3 Reasons You Need to Start a School Counseling Advisory Council

Saturday, January 26, 2019
Each year, our 3 advisory councils prove to be one of my most favorite parts of our comprehensive school counseling program. It's definitely easier to make excuses than like "Doesn't my School Improvement Council or PTSA count as our advisory council, too?" NO! You want real input from real stakeholders who can help you actually make real improvements for your program. If I haven't convinced you yet, here are 3 reasons I think you should start a school counseling advisory council. 


1- People want to be a part of something that inspires change for the better.
I don't know how others do it, but, in my department, we are very strategic about who we invite to be a part of our advisory council. We try to double dip people's roles. For example: if there is a mom of a student, AND they work as a school counselor at our feeder middle school... BONUS POINTS! We want as many perspectives and voices in the room as possible while still keeping the crowd manageable. Some ideas for people you could probably think of off the top of your head-- someone who... you think already contributes to your program, you want more representation from in your program, does not understand the role of a school counselor, has great ideas worth sharing out... the list goes on. We believe all of these people have unique contributions because they view our program from different perspectives. It is worth being vulnerable and putting yourself and your program out there to hear feedback for better or for worse. I know they have felt their suggestions heard as we have directly implemented some of them. Every person we invited accepted our invitation. Before each meeting, we send an email invite.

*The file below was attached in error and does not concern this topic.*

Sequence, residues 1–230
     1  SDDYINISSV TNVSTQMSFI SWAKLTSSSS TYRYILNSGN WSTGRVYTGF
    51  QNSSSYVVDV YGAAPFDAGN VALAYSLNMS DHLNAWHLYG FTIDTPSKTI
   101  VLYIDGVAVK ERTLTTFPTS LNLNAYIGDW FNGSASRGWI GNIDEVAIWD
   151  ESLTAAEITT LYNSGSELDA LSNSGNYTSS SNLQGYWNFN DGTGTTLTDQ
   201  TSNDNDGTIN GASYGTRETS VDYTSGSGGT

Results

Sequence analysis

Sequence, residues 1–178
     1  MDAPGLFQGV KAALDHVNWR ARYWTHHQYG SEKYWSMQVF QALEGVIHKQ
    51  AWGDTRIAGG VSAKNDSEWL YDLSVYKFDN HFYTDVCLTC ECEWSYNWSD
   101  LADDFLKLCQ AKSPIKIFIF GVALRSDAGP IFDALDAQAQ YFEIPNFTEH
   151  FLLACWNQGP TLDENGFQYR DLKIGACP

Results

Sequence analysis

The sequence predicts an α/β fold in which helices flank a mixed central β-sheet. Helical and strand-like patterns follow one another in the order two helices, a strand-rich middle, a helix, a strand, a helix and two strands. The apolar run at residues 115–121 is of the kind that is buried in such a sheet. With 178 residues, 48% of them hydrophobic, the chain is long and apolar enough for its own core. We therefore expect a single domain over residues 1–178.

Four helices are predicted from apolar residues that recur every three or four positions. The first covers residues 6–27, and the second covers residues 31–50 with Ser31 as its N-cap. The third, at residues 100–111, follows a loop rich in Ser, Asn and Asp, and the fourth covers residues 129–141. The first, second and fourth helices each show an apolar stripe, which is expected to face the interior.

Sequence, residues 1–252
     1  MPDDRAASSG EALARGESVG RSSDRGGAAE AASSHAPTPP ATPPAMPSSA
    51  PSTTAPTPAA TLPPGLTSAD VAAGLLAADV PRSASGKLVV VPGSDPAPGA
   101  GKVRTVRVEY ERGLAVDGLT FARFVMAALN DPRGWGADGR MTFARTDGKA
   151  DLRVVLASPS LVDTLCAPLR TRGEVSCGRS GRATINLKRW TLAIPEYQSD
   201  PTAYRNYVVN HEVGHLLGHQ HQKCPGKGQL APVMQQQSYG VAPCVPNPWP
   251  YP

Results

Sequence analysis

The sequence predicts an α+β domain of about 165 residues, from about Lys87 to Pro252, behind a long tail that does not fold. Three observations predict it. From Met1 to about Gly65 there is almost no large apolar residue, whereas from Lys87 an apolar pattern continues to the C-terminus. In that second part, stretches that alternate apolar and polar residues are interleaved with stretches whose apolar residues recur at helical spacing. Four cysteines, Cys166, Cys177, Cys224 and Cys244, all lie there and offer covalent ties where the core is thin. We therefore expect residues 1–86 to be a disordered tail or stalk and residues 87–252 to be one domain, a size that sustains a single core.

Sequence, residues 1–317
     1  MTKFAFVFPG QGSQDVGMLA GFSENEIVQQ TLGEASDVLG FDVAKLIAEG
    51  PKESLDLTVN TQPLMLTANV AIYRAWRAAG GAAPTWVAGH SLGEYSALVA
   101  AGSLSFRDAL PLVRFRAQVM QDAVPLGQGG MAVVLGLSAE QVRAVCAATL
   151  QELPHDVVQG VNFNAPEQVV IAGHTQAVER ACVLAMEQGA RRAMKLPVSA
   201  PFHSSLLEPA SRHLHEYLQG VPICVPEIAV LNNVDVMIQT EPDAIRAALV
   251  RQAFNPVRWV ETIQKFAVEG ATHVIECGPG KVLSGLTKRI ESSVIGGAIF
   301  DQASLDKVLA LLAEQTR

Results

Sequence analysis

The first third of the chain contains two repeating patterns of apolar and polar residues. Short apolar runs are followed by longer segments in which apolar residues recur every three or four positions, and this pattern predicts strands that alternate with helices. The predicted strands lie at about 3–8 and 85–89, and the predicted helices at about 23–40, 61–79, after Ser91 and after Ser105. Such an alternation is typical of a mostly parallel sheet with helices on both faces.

Specifically, these are some examples of people we have had on our high school advisory council committee over the past few years:

  • a student from each grade level (uniquely picked for their background, school involvement, career center or Fine Arts Center interests... we want a diverse representation of our student body)
  • a few teachers from some different departments (ones who weren't over committed to committees already- we chose a Special Ed teacher, a teacher of seniors, and a brand new teacher)
  • our local two year college admissions representative
  • an administrator (who voiced being new to truly working with school counselors)
  • a parent from each grade level (one was a teacher at a feeder elementary school, one was a school counselor at a feeder middle school, one was a volunteer at the school, and one was simply a parent)
  • our school counselor from our connecting career center (she's also a school counselor there)
  • our district Director of School Counseling
  • a community member or business partner (we had a graduate who was out of college and now working for a non-profit in the community that works with teenagers) 
  • plus, of course, all of the school counselors in our department (that's 7 of us!) 

2- Stakeholders' perspectives of your program will change. 
Do you feel like a lot of your job is information management? How do we make sure people are hearing the information we're putting out? If you have the right stakeholders around your table, they are going to take your mission and spread it farther than even you can. I love the idea that people walk away more informed about your program than when they started. If you have an administrator who barely knows what you do all day, INVITE THEM. If you have a parent who thinks you don't offer something unique that their child needs, INVITE THEM. At an Advisory Council Meeting, you get to share all of the innovative things you are doing in your school setting. Data can be extremely compelling among this crowd. This is your chance to summarize what you plan to do or what you've been doing... and then show it off! 

3- Constructive criticism will challenge you to be empathetic. 
Feedback can be tough... but EMBRACE IT. Do the thing we're trying to teach our students- put yourself in someone else's shoes. Does the stakeholder not feel informed about what your program is doing? Well then... why is that? You will not improve without removing your blinders to see your own weak spots. Let others speak honestly without getting defensive for your actions. Be open to hear suggestions even if you've "always done it that way." 



1 comment

  1. Great article, I had really questioned doing an advisory council - mainly because of the hassle and wondering if it was worth it. Yet, while reading the examples of council members, I was already thinking of people who could be involved.

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